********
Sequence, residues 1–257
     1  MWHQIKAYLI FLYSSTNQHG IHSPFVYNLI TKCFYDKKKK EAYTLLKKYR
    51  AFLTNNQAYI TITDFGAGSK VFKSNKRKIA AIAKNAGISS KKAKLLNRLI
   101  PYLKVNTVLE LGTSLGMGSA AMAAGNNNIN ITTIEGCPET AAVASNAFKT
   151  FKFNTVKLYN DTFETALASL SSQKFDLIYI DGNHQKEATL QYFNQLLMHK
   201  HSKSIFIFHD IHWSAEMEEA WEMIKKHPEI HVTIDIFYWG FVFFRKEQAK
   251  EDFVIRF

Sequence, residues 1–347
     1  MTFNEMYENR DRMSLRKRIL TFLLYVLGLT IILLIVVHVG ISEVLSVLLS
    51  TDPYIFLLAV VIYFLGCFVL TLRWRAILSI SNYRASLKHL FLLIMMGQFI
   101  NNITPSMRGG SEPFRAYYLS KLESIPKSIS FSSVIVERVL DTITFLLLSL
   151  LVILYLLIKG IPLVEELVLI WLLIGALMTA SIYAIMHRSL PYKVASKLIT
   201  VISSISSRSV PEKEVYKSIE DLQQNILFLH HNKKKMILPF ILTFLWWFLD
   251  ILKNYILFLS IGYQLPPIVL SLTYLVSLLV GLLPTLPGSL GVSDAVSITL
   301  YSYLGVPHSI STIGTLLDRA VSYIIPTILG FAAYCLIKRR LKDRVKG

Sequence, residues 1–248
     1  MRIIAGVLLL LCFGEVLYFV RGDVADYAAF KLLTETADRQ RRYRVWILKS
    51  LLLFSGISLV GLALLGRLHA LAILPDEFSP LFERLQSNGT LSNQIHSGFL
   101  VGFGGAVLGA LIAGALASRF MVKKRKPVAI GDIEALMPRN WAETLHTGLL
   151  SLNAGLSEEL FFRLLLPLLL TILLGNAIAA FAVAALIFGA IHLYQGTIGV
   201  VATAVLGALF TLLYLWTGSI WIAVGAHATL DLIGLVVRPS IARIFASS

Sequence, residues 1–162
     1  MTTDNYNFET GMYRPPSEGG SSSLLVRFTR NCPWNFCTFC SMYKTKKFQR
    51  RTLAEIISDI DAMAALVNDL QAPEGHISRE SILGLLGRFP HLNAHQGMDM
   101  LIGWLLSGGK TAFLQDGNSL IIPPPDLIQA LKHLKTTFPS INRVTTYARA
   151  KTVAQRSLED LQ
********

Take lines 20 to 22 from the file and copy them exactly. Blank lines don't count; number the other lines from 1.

   151  SLNAGLSEEL FFRLLLPLLL TILLGNAIAA FAVAALIFGA IHLYQGTIGV
   201  VATAVLGALF TLLYLWTGSI WIAVGAHATL DLIGLVVRPS IARIFASS

Sequence, residues 1–162